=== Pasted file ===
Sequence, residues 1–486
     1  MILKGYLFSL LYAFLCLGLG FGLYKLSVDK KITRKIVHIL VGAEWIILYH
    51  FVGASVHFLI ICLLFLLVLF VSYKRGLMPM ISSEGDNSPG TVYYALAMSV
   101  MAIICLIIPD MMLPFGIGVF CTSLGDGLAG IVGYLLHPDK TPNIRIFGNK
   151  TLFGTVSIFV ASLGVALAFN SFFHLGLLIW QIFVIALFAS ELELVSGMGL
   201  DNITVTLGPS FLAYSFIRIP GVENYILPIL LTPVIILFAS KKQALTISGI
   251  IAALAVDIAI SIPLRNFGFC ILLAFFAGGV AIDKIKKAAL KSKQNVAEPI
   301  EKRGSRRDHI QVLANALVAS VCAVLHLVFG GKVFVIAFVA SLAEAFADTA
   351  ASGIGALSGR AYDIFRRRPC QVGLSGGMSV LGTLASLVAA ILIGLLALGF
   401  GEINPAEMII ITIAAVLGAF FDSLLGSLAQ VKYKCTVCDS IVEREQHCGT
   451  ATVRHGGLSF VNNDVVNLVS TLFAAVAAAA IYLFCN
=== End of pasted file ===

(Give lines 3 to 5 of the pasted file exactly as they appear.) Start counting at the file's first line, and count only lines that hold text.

    51  FVGASVHFLI ICLLFLLVLF VSYKRGLMPM ISSEGDNSPG TVYYALAMSV
   101  MAIICLIIPD MMLPFGIGVF CTSLGDGLAG IVGYLLHPDK TPNIRIFGNK
   151  TLFGTVSIFV ASLGVALAFN SFFHLGLLIW QIFVIALFAS ELELVSGMGL